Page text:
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Think outside toy box to find hazards

Old paint on the wall and small playthings such as rubber balls pose a much greater threat than recalled products, experts say

September 23, 2007|Abigail Goldman | Times Staff Writer

Parents scoured children's playrooms and retailers scurried to clear their shelves after manufacturers ordered a series of recalls this summer, saying millions of popular toys may have been made with lead paint.

But the risk of lead poisoning is as strong as ever, experts say; it's just that the biggest threat probably isn't in the toy box.

Children are at greater risk of lead poisoning from living in a home with deteriorating old paint, or one that is going through a remodel, than they are from most toys, according to federal tallies. Toys with lead paint don't even pose the biggest threat among playthings.

Lead paint has been banned in the U.S. since 1978, but older homes typically have layers of the dangerous wall covering beneath newer coats. In good condition and left undisturbed, the lead paint poses little threat. But after it's chipped or begins creating dust, the danger grows.

"By far and away historically, the major concern about sources for lead has been your home," said Dr. Helen Binns, a professor of pediatrics and preventive medicine at Northwestern University's medical school.

"You may handle your toy for a few moments a day, but if you're in a home going through remodeling, you generate dust throughout your whole house," Binns said. "So you're exposed everywhere you go, not just when you're playing."

Lead paint on toys still poses some risk, health officials say. But when it comes to toys, the biggest dangers don't come from the paint on a truck, train or doll.

Instead, the deadliest playthings are among the oldest and simplest: balloons and small rubber balls or marbles.

"I think people don't always worry about the right things," said Dr. Garry Gardner, chairman of the American Academy of Pediatrics' committee on injury, violence and poison prevention.

He says that is partly because there is so much for parents to worry about: "Is their child in a properly fastened car seat? Do they have a smoke detector and a carbon monoxide detector working? Is their hot water heater turned down so that there isn't a scalding risk? Do they have a pool that isn't fenced on all four sides?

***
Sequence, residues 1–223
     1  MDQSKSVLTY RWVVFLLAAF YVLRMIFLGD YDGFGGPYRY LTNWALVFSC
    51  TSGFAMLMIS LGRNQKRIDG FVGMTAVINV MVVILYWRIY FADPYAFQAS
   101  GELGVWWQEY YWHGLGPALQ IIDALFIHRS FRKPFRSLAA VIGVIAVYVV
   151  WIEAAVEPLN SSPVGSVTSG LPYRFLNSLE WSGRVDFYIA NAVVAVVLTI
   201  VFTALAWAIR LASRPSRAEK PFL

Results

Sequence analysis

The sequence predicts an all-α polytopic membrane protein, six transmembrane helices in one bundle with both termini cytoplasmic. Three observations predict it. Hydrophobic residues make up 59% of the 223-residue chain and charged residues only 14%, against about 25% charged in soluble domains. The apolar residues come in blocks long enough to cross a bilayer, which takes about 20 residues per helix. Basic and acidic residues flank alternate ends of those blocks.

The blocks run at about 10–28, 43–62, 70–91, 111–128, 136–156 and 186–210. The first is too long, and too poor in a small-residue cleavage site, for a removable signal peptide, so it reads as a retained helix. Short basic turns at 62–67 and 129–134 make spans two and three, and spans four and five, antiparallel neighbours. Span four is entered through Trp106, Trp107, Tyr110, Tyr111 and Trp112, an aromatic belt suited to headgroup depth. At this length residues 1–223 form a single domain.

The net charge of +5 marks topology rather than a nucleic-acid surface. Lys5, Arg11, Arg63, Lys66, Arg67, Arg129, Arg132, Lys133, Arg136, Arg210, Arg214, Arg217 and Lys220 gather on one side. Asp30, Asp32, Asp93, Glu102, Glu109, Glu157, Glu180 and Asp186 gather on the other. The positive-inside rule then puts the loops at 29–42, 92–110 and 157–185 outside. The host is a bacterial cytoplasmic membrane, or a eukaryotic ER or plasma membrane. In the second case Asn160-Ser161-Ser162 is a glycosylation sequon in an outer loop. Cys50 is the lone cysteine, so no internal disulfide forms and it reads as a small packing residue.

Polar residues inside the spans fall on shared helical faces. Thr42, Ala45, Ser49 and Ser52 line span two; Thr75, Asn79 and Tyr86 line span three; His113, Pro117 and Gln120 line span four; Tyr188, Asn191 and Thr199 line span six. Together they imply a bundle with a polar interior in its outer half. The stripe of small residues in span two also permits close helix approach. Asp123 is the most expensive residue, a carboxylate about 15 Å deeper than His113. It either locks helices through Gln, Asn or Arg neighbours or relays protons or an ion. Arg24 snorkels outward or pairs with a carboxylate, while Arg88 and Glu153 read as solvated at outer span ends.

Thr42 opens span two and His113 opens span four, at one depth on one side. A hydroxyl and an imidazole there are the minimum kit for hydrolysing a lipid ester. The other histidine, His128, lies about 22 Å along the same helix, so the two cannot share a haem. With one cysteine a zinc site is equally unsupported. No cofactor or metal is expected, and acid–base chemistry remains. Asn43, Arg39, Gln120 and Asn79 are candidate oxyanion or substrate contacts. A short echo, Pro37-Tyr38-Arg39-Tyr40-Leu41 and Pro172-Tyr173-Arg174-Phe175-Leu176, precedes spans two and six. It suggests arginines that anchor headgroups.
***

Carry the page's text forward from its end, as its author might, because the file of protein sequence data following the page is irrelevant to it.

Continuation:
"It's hard telling parents to relax a bit," Gardner said.

A wave of recalls

Although there have been fewer toy recalls so far this year than for the same period in 2006, the millions of toys deemed unsafe this summer struck a nerve with consumers and thus with manufacturers, retailers and politicians.

Part of the heightened concern stems from timing.

Last winter, thousands of pets were sickened or killed because of tainted Chinese ingredients used to make animal foods. Over the following months, toothpaste, tires, fish and other products imported from China also were recalled on safety grounds.

So by the time RC2 Corp. in June recalled 1.5 million Chinese-made Thomas & Friends wooden train toys because of lead paint, Americans had plenty of reason to be concerned about Chinese products.

Those fears were amplified in August when Mattel Inc. -- the world's largest toy maker -- launched a series of recalls of Chinese-made goods.

The question for some in pediatric medicine is whether worry about imported lead paint obscures equal or greater perils much closer to home.

In 2005, the most recent year for which data are available, 20 children younger than 15 died from toy-related injuries, according to the federal Consumer Product Safety Commission.

Nine children -- ages 15 months to 8 years old -- died after choking on toys. Six of them died after swallowing balls that blocked their airways. One breathed in a balloon or part of a balloon. One died after swallowing a bead from a toy horse, and one choked on a toy dart.

Ball-shaped objects are particularly dangerous, said Dr. Gary Smith, director of the Center for Injury Research and Policy at the Columbus, Ohio, Children's Hospital.

"If you took the best engineers in the world and asked them to design a perfect plug for a child's airway, you couldn't do much better than a round rubber ball," Smith said. "It's airway-sized, it's airway-shaped and it will wedge itself in so that it is very hard to dislodge and will completely block the airway."

Balloons also have long been a hazard with the potential for terrible consequences, Smith said. The danger lies in a child blowing up a latex balloon and breathing it in by mistake, or swallowing a balloon or part of a popped balloon.

"Balloons tend to drape themselves over the top of the voice box like shrink wrap; there's a suction that's created," Smith said. "It will conform to the shape of the entrance of the larynx and will completely block off the airway."

The most serious of this summer's toy problems, Smith said, has nothing to do with lead either. Mattel recalled more than 18 million magnetic toys worldwide -- not because of a production problem in China but because of a design flaw that could have allowed the magnets to become detached from the toy, making them a danger if swallowed.

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